Jacob Brogan

The world is always ending

Scar Tissue: IV. Time Teaches

            Ben is only thirty years old, his scar half a year younger. He tells me that it curves around the left side of his torso, exterior mark of an impossible rib. Others would ask him about it when he was younger, ask him about it after they swam. Why shouldn’t they? Old injuries mark our otherness. Once wounded, he showed himself in his specificity.

            I have had my share of surgeries, but I find it difficult to picture Ben’s. He was so small, so small at the time that they had to cut him open to clear the pneumonia from his lungs. It must have been difficult for his doctors to imagine it too: None of them had performed such a surgery on one so young before – no one had, not in his hospital at any rate. His experience, an infantile blur of inexplicable feelings is literally unthinkable, far as it is from the class of sensations that adults call sensible. Improbably, then, I envision him through the eyes of his parents. Surely they were terrified, uncomprehending at the sight of their breathless son swallowed up by machines.

            These days, Ben says, no one inquires after his scar. As he has aged, it covers less and less of his flesh. Scars, it turns out, are like puppies’ paws or kittens’ eyes, already the size they will be, almost from the start. They do not shrink as we thicken, though they may seem to. I would have thought they grew with the body, but instead they stay just as they were, paradoxically constant and inconstant.

            Memory, we know, mutates: We elaborate it as we go. Always a conversation between has been and now happening, recollection selectively constructs the former to meet the needs of the latter. If scars inscribe memory on the skin, they always remain in the moments they remember for us. In this, they are more honest than our actual memories, which reshape themselves to meet the needs of the moment. Ben, of course, has no knowledge of his infantile illness, too young at the time to secure even an image of it. Perpetually present, his scar simulates memory by whispering of an unknowable past. But in its insistent immutability, it betrays itself, so unlike memory in its refusal to change as he does. Scars indicate the mere fact of anteriority, signifying the past without dictating its meaning. What does Ben’s scar say? Just that he once was smaller. Just that he once was sick.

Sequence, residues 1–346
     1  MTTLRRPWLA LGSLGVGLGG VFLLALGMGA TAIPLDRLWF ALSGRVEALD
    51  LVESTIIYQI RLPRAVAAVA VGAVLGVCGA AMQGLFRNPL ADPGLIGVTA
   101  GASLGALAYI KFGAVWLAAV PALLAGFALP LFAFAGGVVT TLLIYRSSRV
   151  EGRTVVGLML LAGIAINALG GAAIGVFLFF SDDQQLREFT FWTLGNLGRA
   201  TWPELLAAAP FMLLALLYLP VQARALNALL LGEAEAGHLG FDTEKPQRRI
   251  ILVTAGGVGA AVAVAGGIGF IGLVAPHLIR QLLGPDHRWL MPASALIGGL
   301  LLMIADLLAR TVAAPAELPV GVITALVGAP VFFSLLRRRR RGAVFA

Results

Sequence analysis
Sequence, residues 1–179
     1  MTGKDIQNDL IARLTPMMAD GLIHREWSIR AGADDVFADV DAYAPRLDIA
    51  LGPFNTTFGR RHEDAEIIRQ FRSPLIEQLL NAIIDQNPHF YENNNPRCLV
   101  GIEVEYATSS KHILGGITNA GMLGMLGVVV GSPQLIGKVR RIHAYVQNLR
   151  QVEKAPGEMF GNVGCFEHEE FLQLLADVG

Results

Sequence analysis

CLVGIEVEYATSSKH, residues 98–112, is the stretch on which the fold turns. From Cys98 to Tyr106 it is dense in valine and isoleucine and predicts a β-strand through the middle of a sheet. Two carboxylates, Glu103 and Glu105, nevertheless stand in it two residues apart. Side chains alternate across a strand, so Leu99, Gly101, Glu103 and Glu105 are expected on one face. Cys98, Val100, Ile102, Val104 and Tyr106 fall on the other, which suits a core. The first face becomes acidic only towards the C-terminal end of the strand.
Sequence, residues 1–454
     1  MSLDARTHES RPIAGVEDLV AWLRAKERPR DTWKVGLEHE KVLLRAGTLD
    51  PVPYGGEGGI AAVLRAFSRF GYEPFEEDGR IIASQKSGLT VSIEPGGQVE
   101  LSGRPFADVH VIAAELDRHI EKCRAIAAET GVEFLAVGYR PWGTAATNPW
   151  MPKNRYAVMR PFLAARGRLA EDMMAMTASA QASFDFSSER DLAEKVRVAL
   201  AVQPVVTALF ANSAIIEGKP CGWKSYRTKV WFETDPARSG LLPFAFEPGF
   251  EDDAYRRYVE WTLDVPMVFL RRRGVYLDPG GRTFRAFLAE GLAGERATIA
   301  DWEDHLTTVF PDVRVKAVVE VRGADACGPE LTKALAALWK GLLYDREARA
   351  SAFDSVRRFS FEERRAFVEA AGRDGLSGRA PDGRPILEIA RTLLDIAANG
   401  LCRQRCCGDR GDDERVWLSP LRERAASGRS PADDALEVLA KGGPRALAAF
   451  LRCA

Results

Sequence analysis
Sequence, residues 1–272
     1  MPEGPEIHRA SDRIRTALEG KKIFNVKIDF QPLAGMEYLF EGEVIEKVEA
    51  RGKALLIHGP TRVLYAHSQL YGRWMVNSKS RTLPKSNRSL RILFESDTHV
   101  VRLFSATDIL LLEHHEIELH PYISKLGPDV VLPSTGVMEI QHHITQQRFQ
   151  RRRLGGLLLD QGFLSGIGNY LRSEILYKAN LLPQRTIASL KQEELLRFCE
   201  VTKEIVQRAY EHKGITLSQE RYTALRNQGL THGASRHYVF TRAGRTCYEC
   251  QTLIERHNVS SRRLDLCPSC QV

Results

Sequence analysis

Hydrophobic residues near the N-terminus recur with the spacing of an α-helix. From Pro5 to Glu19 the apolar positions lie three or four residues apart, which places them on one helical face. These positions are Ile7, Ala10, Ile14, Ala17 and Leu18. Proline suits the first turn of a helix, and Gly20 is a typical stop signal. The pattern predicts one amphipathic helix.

Sometimes our bodies tell us even less. Below my right eye a crease slopes over my cheekbone at a forty-five degree angle. It has been there at least as long as I have been studying myself in the mirror, though I have never learned what caused it. Such bodily marks are like Linear A, the untranslated script of the Minoans. They suggest meaningful things that transpired before we learned to make meaning. At best, we can write over them, tell stories about them. Ben’s scar, my crease, these things are like the blank lines in my notebook, inviting a narrative whose form they cannot dictate in advance, a narrative synonymous with the bare fact of living on, of endurance.

            All scars may be memories, but not all memories are conscious. Ben and I are both marked in ways that suggest places in our pasts we cannot visit – little islands, lost islands. Something, these marks say, once hurt us, hurt us before we knew how to distinguish hurting from the mere pain of being. Insofar as they refuse to grow with us, they suggest that past pains might be just that. Unless it fades completely, a scar always stays what it first was. But to wear a scar is to be something else, something other than we were then, something made different by the ongoing fact of survival.

            There is a lesson in this: Tragedies that overwhelm us at the time need not grow with us. Though Ben’s scar chases his age, from another perspective it is always six months old. No mere indication of childhood pain, it is a child in its own right, a small thing that can only ever seem smaller. When we are sick, others speak to us in the deadeningly hopeful language of cliché: This too shall pass, they say. Most things do not pass. Many of them mark us forever. But so long as we refuse to worry over them, so long as we don’t reopen the wounds that sit below our scars, that which does not pass cannot grow. Scars tell us to take time, standing still as our own worlds spin like second hands.

            Some acts are irrevocable: We cannot unsay the cruel word spoken before a breakup any more than we can reverse the poor decisions we make afterward. Likewise, once we have been sick we have always been sick. Maybe our bodies remind us of the things we cannot recall to show us how we have grown, and how much we will grow. Time teaches that things do not pass. Time teaches that what seemed large was small from the start.

            Time teaches that I was small once. In a photograph that Catherine unearthed at my mother’s house, an impossibly young version of me glances backward over his shoulder. His hair is still curly and he is smiling. I have no memory of ever being so beautiful, so free of scars.

 

                                 At the house by the arboretum, mid 1980s

                                 At the house by the arboretum, mid 1980s


            -September 16, 2014-October 15, 2014

            Washington, DC and La Plata, MD